Marcel Duchamp cover for Beatrice Wood catalogue

In the spring of 1955, Duchamp received a letter from John Bauer, director of the American Gallery in Los Angeles, who was planning an exhibition of pottery by Beatrice Wood. Knowing of Wood’s friendship with Duchamp, he asked if the artist would consider providing a design for the cover of her next catalogue. Always willing to help friends, Duchamp signed an uncut proof print of his Poisson Japonaise, an image that had been used in the preparation of his most recent edition of rotoreliefs, and sent it to the gallery with a cover letter explaining that it represented “a fish turning in a bowl (on a long playing Victrola).” Duchamp went on to explain that “a sensation of depth [is achieved] when the whole design revolves at 33 turns per minute,” and provided specific instructions on how it should appear. “Please reproduce the design in black and white or in colour if you think it fit for the catalogue.” When the catalogue was published a few months later, the Poisson Japonaise was reproduced on the cover, in the same size as the sample sent by Duchamp, and inside the book the image was repeated again on the surface of a larger cardboard disk, complete with a hole in its center to facilitate placement on the pattern of a record player.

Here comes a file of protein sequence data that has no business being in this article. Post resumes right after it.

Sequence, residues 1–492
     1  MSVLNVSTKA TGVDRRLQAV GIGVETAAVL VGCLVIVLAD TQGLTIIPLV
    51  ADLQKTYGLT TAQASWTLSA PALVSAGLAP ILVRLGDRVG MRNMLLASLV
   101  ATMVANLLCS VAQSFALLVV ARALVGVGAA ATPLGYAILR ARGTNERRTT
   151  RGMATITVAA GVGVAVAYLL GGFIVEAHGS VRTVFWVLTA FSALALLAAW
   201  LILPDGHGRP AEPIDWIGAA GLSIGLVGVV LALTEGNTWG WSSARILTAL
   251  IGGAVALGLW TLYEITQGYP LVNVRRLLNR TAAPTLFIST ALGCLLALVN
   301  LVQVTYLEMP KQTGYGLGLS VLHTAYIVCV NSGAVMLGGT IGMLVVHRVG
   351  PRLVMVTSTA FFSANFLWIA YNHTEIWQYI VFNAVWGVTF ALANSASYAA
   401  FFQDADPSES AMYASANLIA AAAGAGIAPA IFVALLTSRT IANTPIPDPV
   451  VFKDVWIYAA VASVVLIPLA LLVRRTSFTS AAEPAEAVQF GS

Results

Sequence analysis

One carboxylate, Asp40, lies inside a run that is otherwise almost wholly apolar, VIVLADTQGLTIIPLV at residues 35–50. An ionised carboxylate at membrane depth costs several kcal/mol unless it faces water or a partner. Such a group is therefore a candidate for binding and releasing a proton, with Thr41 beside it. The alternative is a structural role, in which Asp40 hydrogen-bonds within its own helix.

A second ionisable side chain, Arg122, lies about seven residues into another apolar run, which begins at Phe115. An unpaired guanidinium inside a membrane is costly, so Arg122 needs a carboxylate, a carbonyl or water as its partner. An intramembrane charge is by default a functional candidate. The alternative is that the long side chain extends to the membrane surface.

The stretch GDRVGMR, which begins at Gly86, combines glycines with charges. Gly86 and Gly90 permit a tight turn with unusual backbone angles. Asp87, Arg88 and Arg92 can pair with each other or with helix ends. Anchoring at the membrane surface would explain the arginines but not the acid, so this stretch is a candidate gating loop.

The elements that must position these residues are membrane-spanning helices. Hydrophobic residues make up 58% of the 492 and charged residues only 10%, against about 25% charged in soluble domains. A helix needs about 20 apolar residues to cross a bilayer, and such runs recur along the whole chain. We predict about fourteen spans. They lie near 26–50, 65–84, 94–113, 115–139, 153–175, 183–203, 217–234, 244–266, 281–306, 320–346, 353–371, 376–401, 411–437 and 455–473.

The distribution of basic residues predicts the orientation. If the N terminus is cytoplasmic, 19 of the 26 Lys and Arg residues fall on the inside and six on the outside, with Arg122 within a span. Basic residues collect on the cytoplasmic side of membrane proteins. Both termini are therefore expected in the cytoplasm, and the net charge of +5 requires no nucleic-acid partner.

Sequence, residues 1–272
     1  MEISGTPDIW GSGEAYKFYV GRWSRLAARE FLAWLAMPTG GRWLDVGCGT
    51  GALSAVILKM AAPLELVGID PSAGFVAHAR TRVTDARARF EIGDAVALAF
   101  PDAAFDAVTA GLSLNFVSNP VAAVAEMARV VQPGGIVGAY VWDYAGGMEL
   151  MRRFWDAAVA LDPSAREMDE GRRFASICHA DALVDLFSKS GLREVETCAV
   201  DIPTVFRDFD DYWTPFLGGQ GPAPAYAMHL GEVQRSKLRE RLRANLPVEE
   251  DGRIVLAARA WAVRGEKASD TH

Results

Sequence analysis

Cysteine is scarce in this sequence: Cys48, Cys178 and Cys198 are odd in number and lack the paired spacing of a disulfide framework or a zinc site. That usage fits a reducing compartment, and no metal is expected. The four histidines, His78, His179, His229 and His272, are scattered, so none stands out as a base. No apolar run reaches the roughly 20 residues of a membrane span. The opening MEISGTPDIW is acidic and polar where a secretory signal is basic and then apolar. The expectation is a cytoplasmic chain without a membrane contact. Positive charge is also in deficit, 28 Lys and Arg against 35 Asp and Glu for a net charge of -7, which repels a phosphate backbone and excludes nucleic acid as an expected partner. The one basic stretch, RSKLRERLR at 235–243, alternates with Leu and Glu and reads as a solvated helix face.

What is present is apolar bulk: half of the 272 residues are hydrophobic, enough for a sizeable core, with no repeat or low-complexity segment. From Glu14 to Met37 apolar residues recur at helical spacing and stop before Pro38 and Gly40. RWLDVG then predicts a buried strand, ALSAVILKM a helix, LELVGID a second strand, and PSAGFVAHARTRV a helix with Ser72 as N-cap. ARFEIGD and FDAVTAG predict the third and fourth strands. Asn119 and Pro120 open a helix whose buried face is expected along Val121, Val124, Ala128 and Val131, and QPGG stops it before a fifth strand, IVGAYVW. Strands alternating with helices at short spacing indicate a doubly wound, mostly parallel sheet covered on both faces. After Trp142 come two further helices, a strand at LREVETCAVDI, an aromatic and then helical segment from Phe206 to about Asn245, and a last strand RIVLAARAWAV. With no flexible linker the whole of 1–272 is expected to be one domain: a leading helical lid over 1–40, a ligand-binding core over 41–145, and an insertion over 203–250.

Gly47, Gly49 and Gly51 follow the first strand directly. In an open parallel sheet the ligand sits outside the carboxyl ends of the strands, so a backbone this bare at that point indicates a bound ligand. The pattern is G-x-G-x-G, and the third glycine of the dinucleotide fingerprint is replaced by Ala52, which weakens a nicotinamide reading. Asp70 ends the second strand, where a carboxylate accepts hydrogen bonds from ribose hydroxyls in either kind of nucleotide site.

Catalogue for an exhibition at The American Gallery, Los Angeles, June 3–30, 1955. Cover reproduces Duchamp’s Poisson Japonais. Insert — offset color lithography on cardboard: 6 3/4 x 6 3/4 in. Framed with an original autographed letter from Marcel Duchamp to John Bauer, dated March 12, 1955.
Courtesy: L.A. Louver, Venice, CA.

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Tom on August 29, 2017